Through countless published scientific papers, research has continually exposed the complexity of obesity and being overweight, which affects more than 1.9 billion people worldwide. That research has led experts to conclude that potential treatment options must go further than simply prescribing diet and exercise as a cure.
For years, scientists at Michigan Medicine have researched the problem and have contributed to the mounting evidence of factors that go beyond an individual’s control, such as poverty, health care access, education, genetics, hormones, and chronic illnesses, which can all play roles in the chronic condition’s development and existence.
More research and clinical trials are needed to find answers, but while we wait, researchers say body shaming, which has been proven to cause depression and increase the risk of suicide, should never be one of them.
Below, we rounded up the latest research and articles on obesity from our faculty who are tirelessly working with others across the country to find better solutions to address the issue of obesity and help those trying to overcome it.
Using a model created from data on over 111,000 students, Michigan Medicine showed that the higher poverty rates are in an area, the higher the rate of obesity is among children living there. Although obesity rates were higher among African-American and Hispanic kids, the relationship disappeared when factoring in family income, according to the study published in Childhood Obesity.
Authors concluded that access to fewer resources like recreational programs, parks and full service grocery stores appears to have a greater impact on the nation’s childhood obesity rate than race.
Here’s a sobering statistic: roughly 90% of people who lose a lot of weight eventually regain just about all of it.
Why is it so hard to keep the weight off? The reason is both simple and complex. Gaining a significant amount of weight doesn’t just puff up our fat cells; it changes our biology. Our bodies act as if that higher weight is our normal weight, defending it like a mother embracing her newborn.
Food-related cues come at us from morning until night, and some of us seem powerless to resist temptation. Others, however, can ignore them — or at least stop themselves from responding.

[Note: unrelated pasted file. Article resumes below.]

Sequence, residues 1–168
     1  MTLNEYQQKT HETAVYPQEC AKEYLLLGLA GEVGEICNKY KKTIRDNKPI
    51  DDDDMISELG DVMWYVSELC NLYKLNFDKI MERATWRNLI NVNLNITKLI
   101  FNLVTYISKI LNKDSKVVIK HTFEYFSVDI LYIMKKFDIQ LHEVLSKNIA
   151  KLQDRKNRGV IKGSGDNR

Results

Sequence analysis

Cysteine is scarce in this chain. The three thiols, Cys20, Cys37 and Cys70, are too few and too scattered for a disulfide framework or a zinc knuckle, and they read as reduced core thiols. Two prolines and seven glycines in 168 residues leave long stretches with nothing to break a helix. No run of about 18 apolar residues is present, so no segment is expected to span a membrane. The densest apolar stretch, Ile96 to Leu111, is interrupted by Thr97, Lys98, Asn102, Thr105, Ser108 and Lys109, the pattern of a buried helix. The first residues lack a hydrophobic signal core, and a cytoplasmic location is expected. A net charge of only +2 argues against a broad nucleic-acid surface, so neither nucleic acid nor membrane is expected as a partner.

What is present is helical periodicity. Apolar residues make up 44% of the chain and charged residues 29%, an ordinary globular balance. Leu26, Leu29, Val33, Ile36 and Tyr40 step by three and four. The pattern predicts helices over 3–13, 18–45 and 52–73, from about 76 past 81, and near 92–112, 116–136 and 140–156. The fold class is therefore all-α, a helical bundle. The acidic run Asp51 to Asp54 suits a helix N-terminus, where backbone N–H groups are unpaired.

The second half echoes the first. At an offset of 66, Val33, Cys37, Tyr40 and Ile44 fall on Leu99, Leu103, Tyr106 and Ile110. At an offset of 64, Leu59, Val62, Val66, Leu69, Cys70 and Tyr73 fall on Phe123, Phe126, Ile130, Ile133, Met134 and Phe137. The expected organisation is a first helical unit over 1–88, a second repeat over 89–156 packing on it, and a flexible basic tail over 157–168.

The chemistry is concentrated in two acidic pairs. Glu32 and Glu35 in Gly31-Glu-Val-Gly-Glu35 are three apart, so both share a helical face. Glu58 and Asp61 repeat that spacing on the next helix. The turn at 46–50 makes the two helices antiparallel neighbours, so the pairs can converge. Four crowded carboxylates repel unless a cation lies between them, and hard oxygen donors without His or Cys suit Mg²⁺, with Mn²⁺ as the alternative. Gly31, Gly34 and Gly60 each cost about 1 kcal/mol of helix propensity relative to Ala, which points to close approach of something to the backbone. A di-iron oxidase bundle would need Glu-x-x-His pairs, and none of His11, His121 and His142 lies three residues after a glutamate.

Deep in the middle of our heads lies a tiny nub of nerve cells that play a key role in how hungry we feel, how much we eat, and how much weight we gain. Around the clock, they produce several hormones that help regulate these crucial functions.
A discovery made by a team at Michigan Medicine sheds light on how they get produced — and more importantly, what can go wrong and raise the risk of overeating and obesity.
By the time someone gets diagnosed with diabetes — in either of its forms — the insulin-making factory inside their body has ground to a halt, or at least a slow crawl. And in people with obesity, insulin supply often struggles to keep up with demand — especially if the person eats a typical Western diet.
But a recent discovery, published in Nature Immunology, could provide new options for getting those factories going again. It could offer new pathways to ramping up insulin supply to get metabolism back on track in people with Type 1 and Type 2 diabetes, and obesity.
In a Science Advances study, scientists at Michigan Medicine and Vanderbilt University identified the function of a protein called melanocortin 3 receptor (or MC3R) that had puzzled metabolism researchers for more than two decades.
The function of this protein, previously not well understood, may have implications both for treating obesity and understanding weight gain during pregnancy and menopause and opens new doors for developing anti-obesity drugs.
In recent years, researchers studying the microscopic creatures inside our bodies reported possible links between obesity and out-of-balance microbes. But Michigan Medicine research, which pooled data from many of those past studies, disputes the idea that extra pounds may stem from an imbalance in the microbiome.
The study, published in mBio, finds no clear common characteristic of the microbiomes in the digestive systems of people who are obese compared to those of a healthy weight.